Imagine if a state legislature appropriated millions of dollars to turn out white voters while spending very few dollars in areas with a predominantly black population. America would righteously rise in protest.
We’ve been down that road before in both public education and in voting. In both cases, our courts, followed later by state legislatures and Congress, acted to prevent government from playing favorites in education or elections.
Now, imagine that Charles Koch announced he was giving $350 million to “assist” government in turning out the vote in jurisdictions that he himself selected and that the monies given were required to be used by these city governments in the manner that Charles Koch decided. You can see the danger.
The management of elections cannot be a private affair. State legislatures and Congress are constrained in their behavior by Supreme Court precedent and the Equal Protection Clause of the U.S. Constitution. The federal Right to Vote Act and the Help America Vote Act were designed to ensure states allocate resources fairly and equally. Allowing private money to flow into government hands to sidestep these requirements undermines the integrity of our elections.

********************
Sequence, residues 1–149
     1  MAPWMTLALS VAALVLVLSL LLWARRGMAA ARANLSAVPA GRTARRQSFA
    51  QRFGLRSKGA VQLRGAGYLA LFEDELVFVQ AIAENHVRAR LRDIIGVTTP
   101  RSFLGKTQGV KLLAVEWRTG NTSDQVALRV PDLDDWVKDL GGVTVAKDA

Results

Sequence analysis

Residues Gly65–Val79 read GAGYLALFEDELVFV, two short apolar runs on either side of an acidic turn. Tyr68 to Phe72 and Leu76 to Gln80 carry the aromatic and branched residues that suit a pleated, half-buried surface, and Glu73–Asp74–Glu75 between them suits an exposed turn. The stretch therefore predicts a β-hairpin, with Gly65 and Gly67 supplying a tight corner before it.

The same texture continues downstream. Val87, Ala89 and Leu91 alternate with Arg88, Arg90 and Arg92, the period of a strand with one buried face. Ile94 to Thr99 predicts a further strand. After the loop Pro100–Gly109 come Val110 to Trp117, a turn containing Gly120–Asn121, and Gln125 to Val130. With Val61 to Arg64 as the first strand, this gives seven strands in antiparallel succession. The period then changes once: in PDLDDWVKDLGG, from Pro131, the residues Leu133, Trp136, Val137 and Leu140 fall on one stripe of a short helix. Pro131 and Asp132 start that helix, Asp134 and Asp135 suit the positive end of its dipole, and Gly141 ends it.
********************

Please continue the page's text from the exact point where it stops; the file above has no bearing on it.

The Koch brothers have not done this, of course. I am from Kansas, where Koch Industries is located, and have had the opportunity to work with Charles Koch. I know he respects the independence of our electoral process. No, this direct interference in government’s management of elections is being funded by the third-richest man in America, Facebook founder Mark Zuckerberg. And the effort is being directed by former Barack Obama supporters who recently formed a charity named The Center for Tech and Civic Life.
Zuckerberg claims he is trying to make sure every American voter is able to vote in a safe environment and to turn out every vote. Yet, the funds are not going to every voter. The funds overwhelmingly are directed to turning out one kind of voter — Hillary Clinton voters living in battleground states whom CTCL expects will vote overwhelmingly for Joe Biden.
Of the top 20 “grants” provided by CTCL to cities and counties, 19 have gone to jurisdictions that Hillary Clinton overwhelmingly won in 2016. The sole county on the list that President Trump carried in 2016 received a paltry $289,000 — less than 0.5% of the $63 million Zuckerberg and his other high-tech allies provided to those 20 cities and counties through CTCL.
Moreover, these funds are being used, as directed by CTCL, in ways that many people argue violate state election laws. In Philadelphia, for instance, the funds are creating mobile ballot pick-up units and drop boxes that many county election officials state are contrary to the state laws prohibiting ballot harvesting. The funds are creating a dramatic disparate impact on the government use of election monies.
As an example, the Wisconsin state legislature provided roughly $7 per voter to Green Bay to manage its 2020 elections. Rural counties in Wisconsin received approximately $4 per voter. Now, with Zuckerberg monies, Green Bay has $47 per voter to manage the election and turn out the vote, while most rural areas still have the same $4 per voter.